I’m excited at the prospect of seeing the Eagle Owl that has set up shop in Bristol, near the University’s Biology department.
It’s thought to be an escapee from a private collection rather than a wild bird blown off course, but a creature with a wing span of up to 2 m sounds like a pretty impressive beast. The BBC’s Natural History Unit is based nearby, so perhaps it has got its beady eyes on a walk-on part on an upcoming production.
Not that I know much about birds, but generally I know what I like, and that’s the impressive, gaudy showbiz birds. Herons, spoonbills, kingfishers, that sort of thing. Don’t get me wrong, I can watch a flock of sparrows buzzing around for hours – their behaviour is interesting – but I don’t really share the twitcher’s urge to tick relatively mundane birds off the list just for a glimpse. When I see a flock of birdwatchers set up in a car park, because one of those birds in that huge pile of gulls just might be a rare Mediterranean gull – identical to all the other gulls apart from a minor detail of plumage – it leaves me pretty cold.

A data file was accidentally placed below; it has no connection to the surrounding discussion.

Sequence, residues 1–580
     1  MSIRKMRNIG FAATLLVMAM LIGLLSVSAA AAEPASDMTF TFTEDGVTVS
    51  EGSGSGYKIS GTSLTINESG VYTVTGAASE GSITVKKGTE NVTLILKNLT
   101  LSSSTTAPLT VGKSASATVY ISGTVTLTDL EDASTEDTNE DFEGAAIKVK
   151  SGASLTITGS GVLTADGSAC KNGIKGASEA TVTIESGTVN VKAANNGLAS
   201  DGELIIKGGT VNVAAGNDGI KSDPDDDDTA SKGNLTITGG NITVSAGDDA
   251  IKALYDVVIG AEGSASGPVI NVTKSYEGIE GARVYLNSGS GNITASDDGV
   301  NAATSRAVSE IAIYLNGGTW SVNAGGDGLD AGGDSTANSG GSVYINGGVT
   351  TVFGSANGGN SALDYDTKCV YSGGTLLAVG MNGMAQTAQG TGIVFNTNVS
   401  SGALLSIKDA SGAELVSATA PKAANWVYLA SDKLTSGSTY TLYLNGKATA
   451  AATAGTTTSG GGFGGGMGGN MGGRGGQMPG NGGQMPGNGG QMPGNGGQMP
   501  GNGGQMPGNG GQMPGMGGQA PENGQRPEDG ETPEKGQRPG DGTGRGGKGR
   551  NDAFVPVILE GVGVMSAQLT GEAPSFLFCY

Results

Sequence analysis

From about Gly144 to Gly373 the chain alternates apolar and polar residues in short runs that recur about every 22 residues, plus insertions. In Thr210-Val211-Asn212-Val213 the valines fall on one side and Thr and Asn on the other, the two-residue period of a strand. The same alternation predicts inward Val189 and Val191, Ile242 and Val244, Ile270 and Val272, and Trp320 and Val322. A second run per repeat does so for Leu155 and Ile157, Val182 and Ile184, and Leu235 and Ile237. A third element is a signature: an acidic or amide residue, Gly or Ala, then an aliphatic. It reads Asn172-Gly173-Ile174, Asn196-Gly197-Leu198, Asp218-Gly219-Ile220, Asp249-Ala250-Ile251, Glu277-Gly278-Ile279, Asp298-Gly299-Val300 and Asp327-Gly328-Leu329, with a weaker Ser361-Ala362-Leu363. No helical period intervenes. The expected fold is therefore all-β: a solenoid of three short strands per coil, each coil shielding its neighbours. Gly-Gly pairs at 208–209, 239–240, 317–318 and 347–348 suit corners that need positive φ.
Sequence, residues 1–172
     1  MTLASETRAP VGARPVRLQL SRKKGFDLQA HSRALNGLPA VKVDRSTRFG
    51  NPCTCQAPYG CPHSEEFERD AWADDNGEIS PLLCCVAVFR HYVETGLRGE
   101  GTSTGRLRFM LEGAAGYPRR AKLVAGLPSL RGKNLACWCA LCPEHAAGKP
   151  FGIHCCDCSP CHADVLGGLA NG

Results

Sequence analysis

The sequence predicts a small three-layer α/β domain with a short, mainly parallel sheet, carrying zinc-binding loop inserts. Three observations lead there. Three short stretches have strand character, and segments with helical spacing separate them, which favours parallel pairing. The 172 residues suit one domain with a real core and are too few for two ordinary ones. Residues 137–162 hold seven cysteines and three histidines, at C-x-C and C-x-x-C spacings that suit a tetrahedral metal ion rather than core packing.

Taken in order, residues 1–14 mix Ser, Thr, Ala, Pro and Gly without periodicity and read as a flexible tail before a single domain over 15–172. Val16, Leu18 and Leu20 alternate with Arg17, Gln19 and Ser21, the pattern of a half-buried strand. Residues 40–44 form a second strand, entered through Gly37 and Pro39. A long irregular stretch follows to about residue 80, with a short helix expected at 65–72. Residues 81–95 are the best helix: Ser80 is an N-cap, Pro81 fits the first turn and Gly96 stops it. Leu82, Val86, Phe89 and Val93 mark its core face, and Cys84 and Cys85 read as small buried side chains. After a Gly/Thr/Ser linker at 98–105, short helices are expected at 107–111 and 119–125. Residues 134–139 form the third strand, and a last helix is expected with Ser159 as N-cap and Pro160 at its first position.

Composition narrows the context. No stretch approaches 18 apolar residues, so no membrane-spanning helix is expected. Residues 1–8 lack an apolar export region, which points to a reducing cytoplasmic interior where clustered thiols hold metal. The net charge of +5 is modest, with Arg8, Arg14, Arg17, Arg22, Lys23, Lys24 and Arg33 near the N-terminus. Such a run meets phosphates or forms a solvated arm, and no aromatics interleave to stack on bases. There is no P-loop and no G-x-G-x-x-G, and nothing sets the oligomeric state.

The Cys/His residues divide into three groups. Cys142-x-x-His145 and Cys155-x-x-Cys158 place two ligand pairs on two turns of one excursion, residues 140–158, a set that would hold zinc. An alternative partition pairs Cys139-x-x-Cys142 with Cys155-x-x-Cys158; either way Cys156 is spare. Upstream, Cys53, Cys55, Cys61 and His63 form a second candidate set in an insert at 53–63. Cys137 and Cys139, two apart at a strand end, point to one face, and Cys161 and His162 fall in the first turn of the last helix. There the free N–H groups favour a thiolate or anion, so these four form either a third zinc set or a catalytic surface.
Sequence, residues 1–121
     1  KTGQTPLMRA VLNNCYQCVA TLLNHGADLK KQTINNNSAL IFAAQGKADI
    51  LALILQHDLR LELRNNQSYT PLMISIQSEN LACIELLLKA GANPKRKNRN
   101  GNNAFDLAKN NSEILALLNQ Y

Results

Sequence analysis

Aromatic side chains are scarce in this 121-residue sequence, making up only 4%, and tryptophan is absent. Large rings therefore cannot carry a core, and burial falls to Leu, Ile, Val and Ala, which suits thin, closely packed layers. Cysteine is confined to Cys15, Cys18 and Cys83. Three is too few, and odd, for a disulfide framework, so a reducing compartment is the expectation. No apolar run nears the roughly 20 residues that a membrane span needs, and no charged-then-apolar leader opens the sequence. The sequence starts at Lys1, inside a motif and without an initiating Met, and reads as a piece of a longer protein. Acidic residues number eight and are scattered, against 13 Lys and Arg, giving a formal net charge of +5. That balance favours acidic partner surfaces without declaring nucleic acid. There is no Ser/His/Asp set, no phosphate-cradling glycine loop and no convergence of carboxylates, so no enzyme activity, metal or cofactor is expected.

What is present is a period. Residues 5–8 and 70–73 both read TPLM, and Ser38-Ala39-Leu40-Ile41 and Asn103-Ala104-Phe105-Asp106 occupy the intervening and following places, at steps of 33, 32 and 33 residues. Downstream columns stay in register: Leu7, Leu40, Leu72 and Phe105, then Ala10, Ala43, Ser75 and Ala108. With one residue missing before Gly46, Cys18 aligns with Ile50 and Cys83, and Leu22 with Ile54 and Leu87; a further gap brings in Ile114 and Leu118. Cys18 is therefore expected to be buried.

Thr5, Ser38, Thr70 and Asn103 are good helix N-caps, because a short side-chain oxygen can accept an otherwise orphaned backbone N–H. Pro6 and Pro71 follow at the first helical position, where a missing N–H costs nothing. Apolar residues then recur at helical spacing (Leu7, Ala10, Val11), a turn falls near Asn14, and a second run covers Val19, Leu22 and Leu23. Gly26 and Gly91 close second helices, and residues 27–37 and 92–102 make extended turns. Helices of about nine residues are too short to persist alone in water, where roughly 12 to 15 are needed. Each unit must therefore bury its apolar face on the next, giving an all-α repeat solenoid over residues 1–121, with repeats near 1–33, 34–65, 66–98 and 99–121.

In the same way, I enjoy seeing the odd steam engine and nicely designed Intercity train, but don’t feel the need to get out the notebook and record the details of every diesel locomotive that passes through the station. Then again, the world needs obsessives, so good luck to them. It’s interesting to note that Martin Parr (him again) has at various times been a birdwatcher and a literal trainspotter, so maybe it’s the same species of obsession that drives on the best documentary and street photographers.
Unfortunately, street photography and trainspotting are both minority activities that fall outside the government-approved-behaviours-for-hard-working-families [list to follow]. Hence photographers, trainspotters and bus-spotter have had a tough time recently trying to pursue their interests in a climate of suspicion and paranoia.